In all its splendor, I18N is not DragonFly-specific and is a convention. We encourage you to help DragonFly in following this convention.
Localization settings are based on three main terms: Language Code, Country Code, and Encoding. Locale names are constructed from these parts as follows:
In order to localize a DragonFly system to a specific language (or any other I18N-supporting UNIX® like systems), the user needs to find out the codes for the specify country and language (country codes tell applications what variation of given language to use). In addition, web browsers, SMTP/POP servers, web servers, etc. make decisions based on them. The following are examples of language/country codes:
Some languages use non-ASCII encodings that are 8-bit, wide or multibyte characters, see multibyte(3) for more details. Older applications do not recognize them and mistake them for control characters. Newer applications usually do recognize 8-bit characters. Depending on the implementation, users may be required to compile an application with wide or multibyte characters support, or configure it correctly. To be able to input and process wide or multibyte characters, the FreeBSD Ports collection has provided each language with different programs. Refer to the I18N documentation in the respective FreeBSD Port.
Specifically, the user needs to look at the application documentation to decide on how to configure it correctly or to pass correct values into the configure/Makefile/compiler.
Some things to keep in mind are:
Language specific single C chars character sets (see multibyte(3)), e.g. ISO-8859-1, ISO-8859-15, KOI8-R, CP437.
Wide or multibyte encodings, e.g. EUC, Big5.
You can check the active list of character sets at the IANA Registry.
Note: DragonFly uses X11-compatible locale encodings instead.
In the FreeBSD Ports and Package system, I18N applications have been named with I18N in their names for easy identification. However, they do not always support the language needed.
Usually it is sufficient to export the value of the locale name as LANG in the login shell. This could be done in the user's ~/.login_conf file or in the startup file of the user's shell (~/.profile, ~/.bashrc, ~/.cshrc). There is no need to set the locale subsets such as LC_CTYPE, LC_CTIME. Please refer to language-specific DragonFly documentation for more information.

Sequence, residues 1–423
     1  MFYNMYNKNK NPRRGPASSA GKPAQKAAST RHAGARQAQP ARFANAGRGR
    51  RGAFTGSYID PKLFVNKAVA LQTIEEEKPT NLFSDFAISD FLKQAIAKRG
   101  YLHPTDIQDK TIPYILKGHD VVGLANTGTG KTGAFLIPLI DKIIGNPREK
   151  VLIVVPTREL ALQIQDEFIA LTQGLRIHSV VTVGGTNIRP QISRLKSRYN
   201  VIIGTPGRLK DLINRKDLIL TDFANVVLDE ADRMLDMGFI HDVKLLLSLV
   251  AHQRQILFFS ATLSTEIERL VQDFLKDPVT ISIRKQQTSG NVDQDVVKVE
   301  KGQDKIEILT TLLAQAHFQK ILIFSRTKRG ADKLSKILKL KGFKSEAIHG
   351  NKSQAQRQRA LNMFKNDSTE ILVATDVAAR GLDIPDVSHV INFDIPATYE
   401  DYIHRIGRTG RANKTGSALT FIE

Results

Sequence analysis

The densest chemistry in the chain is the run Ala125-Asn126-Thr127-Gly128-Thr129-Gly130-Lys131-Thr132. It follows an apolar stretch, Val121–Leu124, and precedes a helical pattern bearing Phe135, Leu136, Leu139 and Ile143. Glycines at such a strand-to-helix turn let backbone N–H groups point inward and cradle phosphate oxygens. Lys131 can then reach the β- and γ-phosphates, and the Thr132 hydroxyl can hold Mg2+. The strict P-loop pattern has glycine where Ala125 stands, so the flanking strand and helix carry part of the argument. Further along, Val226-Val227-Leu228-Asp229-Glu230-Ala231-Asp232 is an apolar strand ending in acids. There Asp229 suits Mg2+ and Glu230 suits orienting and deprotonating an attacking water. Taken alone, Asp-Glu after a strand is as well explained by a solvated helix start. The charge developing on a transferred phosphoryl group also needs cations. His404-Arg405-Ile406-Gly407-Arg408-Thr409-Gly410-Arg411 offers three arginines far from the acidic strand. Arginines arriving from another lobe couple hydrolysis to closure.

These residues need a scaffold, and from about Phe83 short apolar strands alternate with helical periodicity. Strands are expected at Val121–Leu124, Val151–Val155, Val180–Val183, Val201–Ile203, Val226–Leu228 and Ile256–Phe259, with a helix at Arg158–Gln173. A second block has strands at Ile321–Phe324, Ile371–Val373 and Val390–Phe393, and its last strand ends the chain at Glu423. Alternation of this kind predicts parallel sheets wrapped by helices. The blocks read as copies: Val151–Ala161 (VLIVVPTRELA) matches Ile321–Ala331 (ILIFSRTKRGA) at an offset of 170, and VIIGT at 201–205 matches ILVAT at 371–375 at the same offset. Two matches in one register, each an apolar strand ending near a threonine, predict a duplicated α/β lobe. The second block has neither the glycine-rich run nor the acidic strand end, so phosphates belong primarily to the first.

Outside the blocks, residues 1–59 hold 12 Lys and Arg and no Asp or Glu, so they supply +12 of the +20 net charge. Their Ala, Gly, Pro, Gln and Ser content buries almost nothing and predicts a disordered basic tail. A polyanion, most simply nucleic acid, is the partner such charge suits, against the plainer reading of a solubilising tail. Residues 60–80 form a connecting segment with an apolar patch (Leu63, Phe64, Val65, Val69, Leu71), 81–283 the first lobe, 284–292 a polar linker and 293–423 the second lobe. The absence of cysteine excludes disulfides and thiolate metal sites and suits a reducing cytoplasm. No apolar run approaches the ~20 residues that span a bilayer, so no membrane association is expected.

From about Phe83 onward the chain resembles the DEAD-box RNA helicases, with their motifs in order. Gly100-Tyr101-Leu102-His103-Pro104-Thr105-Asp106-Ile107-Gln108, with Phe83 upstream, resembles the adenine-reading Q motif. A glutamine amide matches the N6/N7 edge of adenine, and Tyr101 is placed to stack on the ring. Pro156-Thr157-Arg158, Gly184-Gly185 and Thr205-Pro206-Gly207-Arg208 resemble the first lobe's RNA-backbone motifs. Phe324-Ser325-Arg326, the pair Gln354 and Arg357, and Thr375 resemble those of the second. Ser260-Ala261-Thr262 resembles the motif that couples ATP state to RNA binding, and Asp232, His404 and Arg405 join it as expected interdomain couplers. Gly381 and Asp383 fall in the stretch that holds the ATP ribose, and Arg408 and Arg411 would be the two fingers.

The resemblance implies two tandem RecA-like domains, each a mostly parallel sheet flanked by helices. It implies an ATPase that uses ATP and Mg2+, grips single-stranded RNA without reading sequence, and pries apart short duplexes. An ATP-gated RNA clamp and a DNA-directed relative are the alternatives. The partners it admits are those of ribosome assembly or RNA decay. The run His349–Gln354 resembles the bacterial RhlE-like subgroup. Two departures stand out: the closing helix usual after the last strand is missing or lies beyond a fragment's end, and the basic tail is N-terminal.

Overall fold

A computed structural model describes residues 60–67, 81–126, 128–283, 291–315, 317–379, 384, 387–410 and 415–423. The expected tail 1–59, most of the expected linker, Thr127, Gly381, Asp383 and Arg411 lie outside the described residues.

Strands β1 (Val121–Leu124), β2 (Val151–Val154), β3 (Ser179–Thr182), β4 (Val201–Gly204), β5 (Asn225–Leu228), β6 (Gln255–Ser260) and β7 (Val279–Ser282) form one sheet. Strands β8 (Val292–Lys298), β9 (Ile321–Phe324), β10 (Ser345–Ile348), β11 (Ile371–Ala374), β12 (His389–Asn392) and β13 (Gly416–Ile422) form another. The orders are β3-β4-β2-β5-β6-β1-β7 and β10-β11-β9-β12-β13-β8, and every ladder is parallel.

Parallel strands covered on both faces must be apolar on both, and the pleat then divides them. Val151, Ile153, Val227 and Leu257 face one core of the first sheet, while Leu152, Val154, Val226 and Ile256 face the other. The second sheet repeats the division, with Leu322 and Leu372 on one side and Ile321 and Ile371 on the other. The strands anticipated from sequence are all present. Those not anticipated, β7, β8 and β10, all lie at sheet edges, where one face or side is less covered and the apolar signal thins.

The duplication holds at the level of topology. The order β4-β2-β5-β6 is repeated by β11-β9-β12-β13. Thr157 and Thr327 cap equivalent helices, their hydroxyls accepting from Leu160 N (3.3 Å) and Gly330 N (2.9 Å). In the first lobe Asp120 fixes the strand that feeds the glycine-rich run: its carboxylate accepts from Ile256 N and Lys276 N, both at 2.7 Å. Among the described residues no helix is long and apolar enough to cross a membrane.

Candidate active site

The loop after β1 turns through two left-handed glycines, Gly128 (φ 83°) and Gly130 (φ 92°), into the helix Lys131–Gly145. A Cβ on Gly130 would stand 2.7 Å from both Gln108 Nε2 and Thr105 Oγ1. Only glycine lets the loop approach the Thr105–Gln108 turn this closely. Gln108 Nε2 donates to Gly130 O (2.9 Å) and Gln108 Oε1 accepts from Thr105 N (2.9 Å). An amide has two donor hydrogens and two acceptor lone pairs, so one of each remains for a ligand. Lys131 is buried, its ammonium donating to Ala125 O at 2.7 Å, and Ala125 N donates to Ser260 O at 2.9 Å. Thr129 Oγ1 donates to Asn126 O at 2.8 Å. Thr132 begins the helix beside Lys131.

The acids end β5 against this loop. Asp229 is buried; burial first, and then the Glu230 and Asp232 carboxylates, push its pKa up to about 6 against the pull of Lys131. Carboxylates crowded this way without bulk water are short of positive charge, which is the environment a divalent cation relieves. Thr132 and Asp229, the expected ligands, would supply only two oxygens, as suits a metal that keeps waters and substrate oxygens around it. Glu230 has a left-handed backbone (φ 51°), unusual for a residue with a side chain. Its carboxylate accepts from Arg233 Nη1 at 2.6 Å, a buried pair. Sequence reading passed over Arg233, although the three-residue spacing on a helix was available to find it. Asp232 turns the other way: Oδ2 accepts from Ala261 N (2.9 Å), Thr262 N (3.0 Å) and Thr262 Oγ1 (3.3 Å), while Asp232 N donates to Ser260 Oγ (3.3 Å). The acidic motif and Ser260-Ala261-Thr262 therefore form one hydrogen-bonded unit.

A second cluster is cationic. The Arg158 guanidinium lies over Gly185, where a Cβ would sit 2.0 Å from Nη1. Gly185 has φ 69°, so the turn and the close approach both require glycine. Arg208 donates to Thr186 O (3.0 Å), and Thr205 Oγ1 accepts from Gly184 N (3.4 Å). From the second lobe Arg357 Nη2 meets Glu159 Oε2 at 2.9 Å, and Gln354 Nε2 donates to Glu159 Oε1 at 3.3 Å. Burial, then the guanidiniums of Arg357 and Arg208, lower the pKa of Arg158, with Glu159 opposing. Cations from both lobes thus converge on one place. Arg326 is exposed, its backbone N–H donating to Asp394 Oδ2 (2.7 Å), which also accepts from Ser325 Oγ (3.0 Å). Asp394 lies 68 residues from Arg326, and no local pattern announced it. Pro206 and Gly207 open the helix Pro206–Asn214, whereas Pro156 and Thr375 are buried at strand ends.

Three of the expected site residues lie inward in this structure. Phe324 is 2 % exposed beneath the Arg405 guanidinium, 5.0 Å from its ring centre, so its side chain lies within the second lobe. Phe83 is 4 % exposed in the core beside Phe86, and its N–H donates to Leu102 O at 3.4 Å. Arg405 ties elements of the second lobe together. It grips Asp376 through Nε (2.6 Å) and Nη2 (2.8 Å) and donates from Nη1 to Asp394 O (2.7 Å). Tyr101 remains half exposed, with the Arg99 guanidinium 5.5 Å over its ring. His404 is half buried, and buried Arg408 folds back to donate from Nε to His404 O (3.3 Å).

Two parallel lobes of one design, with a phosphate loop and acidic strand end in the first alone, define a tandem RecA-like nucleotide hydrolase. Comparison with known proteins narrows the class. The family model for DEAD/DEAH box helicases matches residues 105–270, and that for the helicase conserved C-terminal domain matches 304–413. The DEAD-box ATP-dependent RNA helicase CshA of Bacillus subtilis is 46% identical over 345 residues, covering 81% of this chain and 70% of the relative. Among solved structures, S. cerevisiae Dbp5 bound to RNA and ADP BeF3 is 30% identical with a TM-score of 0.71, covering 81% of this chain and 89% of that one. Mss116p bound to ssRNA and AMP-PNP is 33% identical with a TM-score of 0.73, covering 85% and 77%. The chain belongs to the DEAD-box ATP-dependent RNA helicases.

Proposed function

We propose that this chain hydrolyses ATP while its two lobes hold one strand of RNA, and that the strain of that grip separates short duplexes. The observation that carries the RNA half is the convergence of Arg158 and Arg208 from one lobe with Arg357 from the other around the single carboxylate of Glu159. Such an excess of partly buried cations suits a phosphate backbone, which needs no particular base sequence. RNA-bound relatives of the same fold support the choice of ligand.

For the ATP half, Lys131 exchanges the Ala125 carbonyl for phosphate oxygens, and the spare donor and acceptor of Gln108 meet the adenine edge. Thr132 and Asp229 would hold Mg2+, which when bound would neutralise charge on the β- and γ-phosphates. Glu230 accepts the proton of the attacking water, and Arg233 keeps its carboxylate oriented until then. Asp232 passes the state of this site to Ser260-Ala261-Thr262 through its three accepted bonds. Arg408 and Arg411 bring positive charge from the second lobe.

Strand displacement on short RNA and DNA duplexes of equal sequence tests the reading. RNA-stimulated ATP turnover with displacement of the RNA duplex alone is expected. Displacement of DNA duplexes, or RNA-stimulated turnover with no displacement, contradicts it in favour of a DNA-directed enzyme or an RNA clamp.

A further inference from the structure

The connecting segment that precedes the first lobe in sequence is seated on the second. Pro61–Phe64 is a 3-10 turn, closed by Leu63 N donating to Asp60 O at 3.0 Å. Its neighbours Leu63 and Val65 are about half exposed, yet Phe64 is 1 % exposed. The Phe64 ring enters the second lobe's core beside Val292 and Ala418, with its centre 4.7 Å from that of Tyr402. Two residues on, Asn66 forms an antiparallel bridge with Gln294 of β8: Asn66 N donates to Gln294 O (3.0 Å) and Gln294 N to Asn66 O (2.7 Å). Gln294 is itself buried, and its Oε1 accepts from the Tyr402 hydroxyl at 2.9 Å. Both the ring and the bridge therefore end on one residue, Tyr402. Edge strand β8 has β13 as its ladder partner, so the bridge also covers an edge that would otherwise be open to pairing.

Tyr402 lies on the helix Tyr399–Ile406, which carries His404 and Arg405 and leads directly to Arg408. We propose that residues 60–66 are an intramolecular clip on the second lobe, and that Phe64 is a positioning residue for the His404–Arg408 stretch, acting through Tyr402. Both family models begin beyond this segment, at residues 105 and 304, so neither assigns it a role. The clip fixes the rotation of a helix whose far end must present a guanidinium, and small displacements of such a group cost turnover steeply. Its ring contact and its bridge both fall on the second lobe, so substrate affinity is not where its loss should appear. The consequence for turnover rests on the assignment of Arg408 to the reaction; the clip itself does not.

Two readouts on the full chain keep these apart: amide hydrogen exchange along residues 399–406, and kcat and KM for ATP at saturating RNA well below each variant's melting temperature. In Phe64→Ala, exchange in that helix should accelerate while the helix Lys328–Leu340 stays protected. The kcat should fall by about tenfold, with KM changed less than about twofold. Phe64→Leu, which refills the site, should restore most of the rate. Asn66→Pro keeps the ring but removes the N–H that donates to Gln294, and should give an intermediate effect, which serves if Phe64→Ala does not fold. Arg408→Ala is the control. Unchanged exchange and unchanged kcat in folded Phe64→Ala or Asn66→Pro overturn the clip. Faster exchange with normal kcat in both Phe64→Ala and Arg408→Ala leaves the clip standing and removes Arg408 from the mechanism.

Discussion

You should set the following two environment variables in your configuration files:
LANG for POSIX® setlocale(3) family functions
MM_CHARSET for applications' MIME character set
This includes the user shell configuration, the specific application configuration, and the X11 configuration.
There are two methods for setting locale, and both are described below. The first (recommended one) is by assigning the environment variables in login class, and the second is by adding the environment variable assignments to the system's shell startup file.
This method allows environment variables needed for locale name and MIME character sets to be assigned once for every possible shell instead of adding specific shell assignments to each shell's startup file. User Level Setup can be done by an user himself and Administrator Level Setup require superuser privileges.
Here is a minimal example of a .login_conf file in user's home directory which has both variables set for Latin-1 encoding:
me:\ :charset=ISO-8859-1:\ :lang=de_DE.ISO8859-1:
Here is an example of a .login_conf that sets the variables for Traditional Chinese in BIG-5 encoding. Notice the many more variables set because some software does not respect locale variables correctly for Chinese, Japanese, and Korean.
#Users who do not wish to use monetary units or time formats #of Taiwan can manually change each variable me:\ :lang=zh_TW.Big5:\ :lc_all=zh_TW.Big:\ :lc_collate=zh_TW.Big5:\ :lc_ctype=zh_TW.Big5:\ :lc_messages=zh_TW.Big5:\ :lc_monetary=zh_TW.Big5:\ :lc_numeric=zh_TW.Big5:\ :lc_time=zh_TW.Big5:\ :charset=big5:\ :xmodifiers="@im=xcin": #Setting the XIM Input Server
Verify that the user's login class in /etc/login.conf sets the correct language. Make sure these settings appear in /etc/login.conf:
language_name:accounts_title:\ :charset=MIME_charset:\ :lang=locale_name:\ :tc=default:
So sticking with our previous example using Latin-1, it would look like this:
german:German Users Accounts:\ :charset=ISO-8859-1:\ :lang=de_DE.ISO8859-1:\ :tc=default:
Use vipw to add new users, and make the entry look like this:
Use adduser to add new users, and do the following:
Set defaultclass = language in /etc/adduser.conf. Keep in mind you must enter a default class for all users of other languages in this case.
An alternative variant is answering the specified language each time that
Enter login class: default :appears from adduser(8).
Another alternative is to use the following for each user of a different language that you wish to add:
# adduser -class language
If you use pw(8) for adding new users, call it in this form:
# pw useradd user_name -L language